Arne Duncan blames irrational angst of ‘white suburban moms’ for Common Core pushback
U.S. Education Secretary Arne Duncan insisted that “white suburban moms” are to blame for the unrelenting opposition to Common Core standards.
Duncan’s remarks came in a speech he gave at a meeting of the Council of Chief State Schools Officers Organization in Richmond, Va. on Friday, reports The Washington Post.
“It’s fascinating to me that some of the pushback is coming from, sort of, white suburban moms who — all of a sudden — their child isn’t as brilliant as they thought they were and their school isn’t quite as good as they thought they were, and that’s pretty scary,” Duncan proclaimed. “You’ve bet your house and where you live and everything on, ‘My child’s going to be prepared.’ That can be a punch in the gut.”
This fall, for the first time, 45 states and the District of Columbia began implementing the Common Core State Standards Initiative, which attempts to standardize various K-12 curricula around the country.
Criticism of the Common Core has risen sharply. Opposition has brought together conservatives who are opposed to centralized, one-size-fits-all public education and leftists who deplore ever-more standardized testing.
Many teachers and school administrators hate it because, they say, implementation has been rushed and teachers have had no input concerning the material to be taught. (RELATED: Common Core forces new kindergarteners to bubble in test answers)
Some parents are not allowing their children to take Core-aligned standardized tests.
Randi Weingarten, the president of the American Federation of Teachers, has argued that the Common Core rollout has been worse than the rollout of the Affordable Care Act.
“You think the Obamacare implementation is bad? The implementation of the Common Core is far worse,” she charged, according to the Post.
Some states with Republican governors have already begun rethinking the standards in light of protest from a range of groups.
The Common Core standards demand that students know certain things by certain grade levels, but do little to describe how teachers should impart those skills.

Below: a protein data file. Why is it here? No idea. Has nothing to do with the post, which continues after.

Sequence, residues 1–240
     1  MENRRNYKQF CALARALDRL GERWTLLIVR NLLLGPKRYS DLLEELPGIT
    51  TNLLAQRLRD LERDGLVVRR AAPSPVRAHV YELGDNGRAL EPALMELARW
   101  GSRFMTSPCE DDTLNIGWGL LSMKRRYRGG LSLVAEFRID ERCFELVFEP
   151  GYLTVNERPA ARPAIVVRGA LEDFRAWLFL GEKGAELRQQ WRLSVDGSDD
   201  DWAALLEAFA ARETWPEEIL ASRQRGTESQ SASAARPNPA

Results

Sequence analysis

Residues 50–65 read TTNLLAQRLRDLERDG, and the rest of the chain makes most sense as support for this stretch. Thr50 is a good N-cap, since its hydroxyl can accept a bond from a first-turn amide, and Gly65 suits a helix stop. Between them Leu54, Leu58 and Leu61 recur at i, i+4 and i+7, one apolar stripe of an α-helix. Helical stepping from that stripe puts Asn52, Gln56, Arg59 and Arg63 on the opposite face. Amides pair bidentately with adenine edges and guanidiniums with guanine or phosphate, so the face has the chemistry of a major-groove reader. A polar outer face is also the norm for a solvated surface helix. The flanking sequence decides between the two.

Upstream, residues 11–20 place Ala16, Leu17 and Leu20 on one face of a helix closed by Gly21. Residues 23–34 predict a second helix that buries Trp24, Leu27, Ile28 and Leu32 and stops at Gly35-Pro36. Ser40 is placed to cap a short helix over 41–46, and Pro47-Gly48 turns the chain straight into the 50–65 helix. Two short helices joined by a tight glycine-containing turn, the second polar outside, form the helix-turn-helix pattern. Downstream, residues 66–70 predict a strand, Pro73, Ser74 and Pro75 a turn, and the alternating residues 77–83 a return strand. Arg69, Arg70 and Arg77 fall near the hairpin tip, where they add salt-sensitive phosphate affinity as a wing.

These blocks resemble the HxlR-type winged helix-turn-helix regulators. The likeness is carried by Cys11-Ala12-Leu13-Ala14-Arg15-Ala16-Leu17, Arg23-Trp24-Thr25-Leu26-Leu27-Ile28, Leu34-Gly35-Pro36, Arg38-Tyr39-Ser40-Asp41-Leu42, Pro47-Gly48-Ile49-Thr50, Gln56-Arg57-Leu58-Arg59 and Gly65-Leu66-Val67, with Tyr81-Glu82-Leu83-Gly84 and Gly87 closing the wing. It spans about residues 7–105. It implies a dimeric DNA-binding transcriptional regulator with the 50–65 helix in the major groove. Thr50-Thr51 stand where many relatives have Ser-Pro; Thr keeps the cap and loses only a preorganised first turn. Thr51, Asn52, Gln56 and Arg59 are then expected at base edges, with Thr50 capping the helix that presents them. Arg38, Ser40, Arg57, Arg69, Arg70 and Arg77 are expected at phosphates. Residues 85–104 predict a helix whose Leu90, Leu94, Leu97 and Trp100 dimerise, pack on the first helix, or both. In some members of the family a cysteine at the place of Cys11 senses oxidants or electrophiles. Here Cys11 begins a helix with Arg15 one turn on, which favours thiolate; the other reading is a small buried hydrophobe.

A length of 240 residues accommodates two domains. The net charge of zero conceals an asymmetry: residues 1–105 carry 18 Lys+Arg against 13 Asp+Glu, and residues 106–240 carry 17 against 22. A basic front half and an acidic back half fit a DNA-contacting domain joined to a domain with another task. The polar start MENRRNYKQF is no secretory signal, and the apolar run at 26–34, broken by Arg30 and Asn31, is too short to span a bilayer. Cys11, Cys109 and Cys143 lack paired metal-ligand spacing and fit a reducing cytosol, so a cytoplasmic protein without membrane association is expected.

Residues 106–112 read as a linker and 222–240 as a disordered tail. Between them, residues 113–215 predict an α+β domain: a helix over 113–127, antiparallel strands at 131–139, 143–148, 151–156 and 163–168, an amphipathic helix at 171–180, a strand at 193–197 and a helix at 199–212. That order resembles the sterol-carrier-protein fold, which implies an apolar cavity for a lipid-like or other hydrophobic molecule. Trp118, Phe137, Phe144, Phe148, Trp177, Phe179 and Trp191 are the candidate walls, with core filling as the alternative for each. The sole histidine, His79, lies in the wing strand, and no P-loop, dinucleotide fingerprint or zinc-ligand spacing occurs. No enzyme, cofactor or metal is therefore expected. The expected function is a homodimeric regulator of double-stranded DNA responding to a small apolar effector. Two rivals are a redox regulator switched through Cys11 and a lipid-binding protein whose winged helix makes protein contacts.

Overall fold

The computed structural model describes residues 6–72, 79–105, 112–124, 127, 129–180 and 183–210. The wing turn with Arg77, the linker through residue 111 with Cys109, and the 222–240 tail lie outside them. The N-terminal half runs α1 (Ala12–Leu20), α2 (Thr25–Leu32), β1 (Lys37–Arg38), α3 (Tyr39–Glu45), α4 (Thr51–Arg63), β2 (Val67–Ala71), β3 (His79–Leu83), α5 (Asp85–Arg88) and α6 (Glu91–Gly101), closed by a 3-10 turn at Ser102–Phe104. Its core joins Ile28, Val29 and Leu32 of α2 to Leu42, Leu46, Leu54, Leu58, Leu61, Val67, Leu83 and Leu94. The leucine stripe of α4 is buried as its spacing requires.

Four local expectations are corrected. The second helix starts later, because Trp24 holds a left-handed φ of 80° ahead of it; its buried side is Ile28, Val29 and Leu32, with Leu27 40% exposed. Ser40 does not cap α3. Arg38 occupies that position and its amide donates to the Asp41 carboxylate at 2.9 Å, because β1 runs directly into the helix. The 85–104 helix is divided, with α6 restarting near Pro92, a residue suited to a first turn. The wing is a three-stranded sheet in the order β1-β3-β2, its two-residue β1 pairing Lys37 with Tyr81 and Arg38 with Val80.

The standards have been endorsed by numerous groups including the National Governors Association.
For months, Duncan’s mantra has been that a batch of new standardized tests associated with the Common Core will prove to be far superior to the standardized tests that came before them. Two multistate groups have been designing these tests using $350 million in federal funding.
A spokesman for the Department of Education told the Post that Duncan was trying to say that parents who think they are sending their kids to good schools are actually wrong.
“When confronted with the truth through lower test scores and other indicators, the unhelpful response, in Arne’s view, is to say, ‘Let’s lower standards and go back to lying to ourselves and our children, so that our community can feel better,'” explained communications secretary Massie Ritsch.
“The more productive response for a community or a state is to ask, ‘What can we do to get better, so our students can graduate from high school, succeed in college and be competitive for good jobs?'” Ritsch instructed.
Friday’s speech wasn’t the first time Duncan has lambasted Common Core critics. At a September appearance at the National Press Club in Washington, for example, he said opposition amounts to “political silliness.”
“The Common Core has become a rallying cry for fringe groups that claim it is a scheme for the federal government to usurp state and local control of what students learn. An op-ed in the New York Times called the Common Core ‘a radical curriculum.’ It is neither radical nor a curriculum,” the education secretary said, according to the Post.
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